Anna DiBona- September 21, 2017
Evan Adelman, a 17 year old boy with down syndrome, has joined the 2017-2018 Middleboro Sachem Cheerleading team. Evan is an outgoing, energetic, cheerful boy that loves to dance and cheer so he decided to try out for his high school cheerleading team. To his surprise, he was accepted to be on the varsity cheerleading team in the fall of 2017.
Down syndrome is a genetic condition that is found in infants when they are first born or when they are still in the womb. Each child inherits 23 chromosomes from each parent when they are developing, in all they inherit 46 chromosomes. A child with down syndrome receives another partial or total 21 chromosome. This additional genetic material alters the course of development and causes the characteristics associated with Down syndrome. A couple noticeable physical traits that people with down syndrome have are low muscle tone, small stature, an upward slant to the eyes, and a single deep crease across the center of the palm, although these physical traits are different for every individual person. Also down syndrome makes everyday things such as reading and writing a struggle because of their brain condition.
In an interview with Paige Crite, a varsity cheerleader, she states that the cheerleading team “Loves having a boy on the team.” She also goes on to say that “Evan’s down syndrome doesn’t make a difference and that it makes the team more unique.” Reece Weaver, another cheerleader that is on Evans team said that Evan “Knows the routine better than anyone else, because he catches on quickly and takes good direction.”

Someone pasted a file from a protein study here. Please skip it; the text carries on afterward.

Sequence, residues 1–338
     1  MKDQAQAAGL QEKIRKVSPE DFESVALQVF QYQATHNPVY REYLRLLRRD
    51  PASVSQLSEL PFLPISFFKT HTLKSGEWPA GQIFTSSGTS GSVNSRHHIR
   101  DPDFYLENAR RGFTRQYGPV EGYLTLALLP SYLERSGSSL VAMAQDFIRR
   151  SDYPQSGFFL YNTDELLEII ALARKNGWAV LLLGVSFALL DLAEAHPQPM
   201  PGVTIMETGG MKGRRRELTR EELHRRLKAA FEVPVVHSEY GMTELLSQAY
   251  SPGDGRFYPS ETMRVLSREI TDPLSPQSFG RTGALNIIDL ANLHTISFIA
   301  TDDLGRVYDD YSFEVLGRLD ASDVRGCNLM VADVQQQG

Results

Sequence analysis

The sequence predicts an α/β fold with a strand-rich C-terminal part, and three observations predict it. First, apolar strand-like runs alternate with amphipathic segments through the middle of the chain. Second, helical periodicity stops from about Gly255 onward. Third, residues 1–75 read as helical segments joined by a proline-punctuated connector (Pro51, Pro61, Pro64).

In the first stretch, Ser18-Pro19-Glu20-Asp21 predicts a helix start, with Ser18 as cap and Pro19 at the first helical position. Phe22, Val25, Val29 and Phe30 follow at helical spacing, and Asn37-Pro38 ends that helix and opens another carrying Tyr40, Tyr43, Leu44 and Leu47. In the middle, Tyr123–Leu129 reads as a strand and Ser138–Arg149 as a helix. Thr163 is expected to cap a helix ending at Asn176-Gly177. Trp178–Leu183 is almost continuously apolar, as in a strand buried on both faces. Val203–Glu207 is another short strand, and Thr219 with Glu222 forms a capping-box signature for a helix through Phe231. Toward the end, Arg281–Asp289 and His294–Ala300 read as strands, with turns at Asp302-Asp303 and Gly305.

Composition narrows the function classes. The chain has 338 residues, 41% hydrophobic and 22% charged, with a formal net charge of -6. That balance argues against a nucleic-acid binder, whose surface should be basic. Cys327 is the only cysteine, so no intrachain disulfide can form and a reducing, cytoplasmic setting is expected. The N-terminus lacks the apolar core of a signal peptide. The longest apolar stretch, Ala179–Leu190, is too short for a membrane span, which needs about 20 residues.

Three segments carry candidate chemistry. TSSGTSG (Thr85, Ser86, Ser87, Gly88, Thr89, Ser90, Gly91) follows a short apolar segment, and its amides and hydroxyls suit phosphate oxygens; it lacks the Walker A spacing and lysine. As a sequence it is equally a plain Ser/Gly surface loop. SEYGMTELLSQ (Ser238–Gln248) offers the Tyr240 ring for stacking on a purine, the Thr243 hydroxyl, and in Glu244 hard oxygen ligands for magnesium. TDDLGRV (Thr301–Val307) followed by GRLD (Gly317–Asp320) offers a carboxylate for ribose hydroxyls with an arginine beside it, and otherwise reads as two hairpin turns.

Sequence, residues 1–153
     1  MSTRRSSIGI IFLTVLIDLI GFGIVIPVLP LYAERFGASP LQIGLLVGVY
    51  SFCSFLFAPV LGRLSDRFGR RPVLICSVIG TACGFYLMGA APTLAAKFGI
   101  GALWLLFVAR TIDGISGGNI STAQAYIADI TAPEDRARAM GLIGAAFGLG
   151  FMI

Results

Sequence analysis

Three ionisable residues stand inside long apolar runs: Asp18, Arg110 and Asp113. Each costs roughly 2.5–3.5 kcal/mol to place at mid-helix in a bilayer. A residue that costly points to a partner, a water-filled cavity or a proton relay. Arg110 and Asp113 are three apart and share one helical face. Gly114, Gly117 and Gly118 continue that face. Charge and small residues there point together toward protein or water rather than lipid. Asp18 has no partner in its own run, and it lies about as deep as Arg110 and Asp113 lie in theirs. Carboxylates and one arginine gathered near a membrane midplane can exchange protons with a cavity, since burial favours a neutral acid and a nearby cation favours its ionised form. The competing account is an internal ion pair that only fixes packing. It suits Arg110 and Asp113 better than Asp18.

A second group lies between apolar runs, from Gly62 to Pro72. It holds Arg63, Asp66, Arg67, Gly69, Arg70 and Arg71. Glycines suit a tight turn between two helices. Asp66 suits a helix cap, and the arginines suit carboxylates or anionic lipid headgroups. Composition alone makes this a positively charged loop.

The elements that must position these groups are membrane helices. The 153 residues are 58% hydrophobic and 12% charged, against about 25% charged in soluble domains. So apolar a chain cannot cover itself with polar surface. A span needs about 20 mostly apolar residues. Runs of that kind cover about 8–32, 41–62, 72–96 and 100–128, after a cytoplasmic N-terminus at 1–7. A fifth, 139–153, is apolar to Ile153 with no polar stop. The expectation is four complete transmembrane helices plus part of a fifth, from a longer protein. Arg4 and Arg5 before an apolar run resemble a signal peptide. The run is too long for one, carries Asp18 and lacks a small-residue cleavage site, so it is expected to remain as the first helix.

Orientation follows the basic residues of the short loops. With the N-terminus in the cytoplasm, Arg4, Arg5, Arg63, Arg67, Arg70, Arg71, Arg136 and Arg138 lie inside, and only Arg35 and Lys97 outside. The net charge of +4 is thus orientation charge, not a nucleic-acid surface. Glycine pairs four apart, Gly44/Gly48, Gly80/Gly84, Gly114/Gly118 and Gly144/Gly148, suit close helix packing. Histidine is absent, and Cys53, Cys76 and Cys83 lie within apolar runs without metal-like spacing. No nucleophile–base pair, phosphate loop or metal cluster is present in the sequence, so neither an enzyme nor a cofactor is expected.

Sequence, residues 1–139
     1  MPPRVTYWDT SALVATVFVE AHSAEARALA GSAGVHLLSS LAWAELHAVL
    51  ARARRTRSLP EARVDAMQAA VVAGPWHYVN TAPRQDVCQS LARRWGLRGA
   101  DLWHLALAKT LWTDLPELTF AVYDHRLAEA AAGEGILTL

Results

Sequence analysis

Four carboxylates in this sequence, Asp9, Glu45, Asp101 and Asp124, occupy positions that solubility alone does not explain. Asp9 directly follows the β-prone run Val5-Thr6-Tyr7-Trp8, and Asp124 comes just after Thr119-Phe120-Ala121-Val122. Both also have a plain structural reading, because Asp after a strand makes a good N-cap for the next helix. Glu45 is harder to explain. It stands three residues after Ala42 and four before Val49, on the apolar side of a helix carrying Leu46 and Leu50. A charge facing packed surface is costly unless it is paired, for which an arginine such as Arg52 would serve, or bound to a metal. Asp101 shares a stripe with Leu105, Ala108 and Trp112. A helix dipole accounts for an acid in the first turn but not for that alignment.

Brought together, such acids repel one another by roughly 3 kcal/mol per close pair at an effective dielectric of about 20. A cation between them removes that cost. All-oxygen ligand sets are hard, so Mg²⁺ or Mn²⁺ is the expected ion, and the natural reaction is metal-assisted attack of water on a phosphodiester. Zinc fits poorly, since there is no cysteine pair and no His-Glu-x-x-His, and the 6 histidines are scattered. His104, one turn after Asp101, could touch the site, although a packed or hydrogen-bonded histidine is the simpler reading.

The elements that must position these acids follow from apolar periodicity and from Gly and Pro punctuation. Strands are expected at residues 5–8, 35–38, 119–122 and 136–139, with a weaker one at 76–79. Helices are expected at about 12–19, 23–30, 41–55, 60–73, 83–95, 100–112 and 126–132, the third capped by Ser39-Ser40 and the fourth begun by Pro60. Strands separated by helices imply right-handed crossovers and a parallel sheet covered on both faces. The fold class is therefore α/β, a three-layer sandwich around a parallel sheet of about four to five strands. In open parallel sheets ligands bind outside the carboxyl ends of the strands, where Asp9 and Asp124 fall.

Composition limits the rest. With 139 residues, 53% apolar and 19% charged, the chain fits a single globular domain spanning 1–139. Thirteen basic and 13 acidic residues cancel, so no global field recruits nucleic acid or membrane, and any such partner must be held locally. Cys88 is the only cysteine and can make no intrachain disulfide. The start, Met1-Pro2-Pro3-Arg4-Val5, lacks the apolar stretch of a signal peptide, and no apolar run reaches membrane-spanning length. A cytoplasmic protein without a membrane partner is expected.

Evan Adelman is said to be dramatic, funny, spirited, and always happy to come to practice even if it’s hard for him according to the team. He enjoys doing flips and stunts with the whole team and when he gets a correction he takes it to heart. One thing that the whole cheerleading team enjoys about Evan is that he brings his own pom pom to every practice that he calls “Pom Pom Adelman.”
Evan also has a personal aid that is usually with him in school that comes to every practice and game to be there to help and support him in whatever way he needs. This way Evan can be more comfortable at practice and is able to have a helping hand if he needs it. Also this means that if Evan is having a rough day then the aid can help him cope with it instead of taking time away from practice.
Evan is also one of the very few cheerleaders with down syndrome that is a male in high school. The ratio between the amount of females born with down syndrome and the amount of males born with down syndrome is 33 to 45. Yet when it comes to cheerleading the ratio of male cheerleaders to female cheerleaders is 2,687 to 125,763 in the united states. There are no given records of a male cheerleader with down syndrome on a high school team, but there are a couple articles on female cheerleaders with down syndrome on a high school cheerleading team. This means that Evans situation is very unique and rare. This means that the Middleboro High School is one of the very first schools to have a male cheerleader with down syndrome be part of their varsity cheerleading team.
This fall of 2017 was and still is Evan Adelmans first season as a varsity cheerleader and he and the team couldn’t be more excited. The team adores “Evan and when he says lines from Camp Rock and tells jokes,” according to varsity cheerleader Paige Crites. Varsity cheerleader Evan Adelman bleeds black and orange, just like all the students at the Middleboro High School!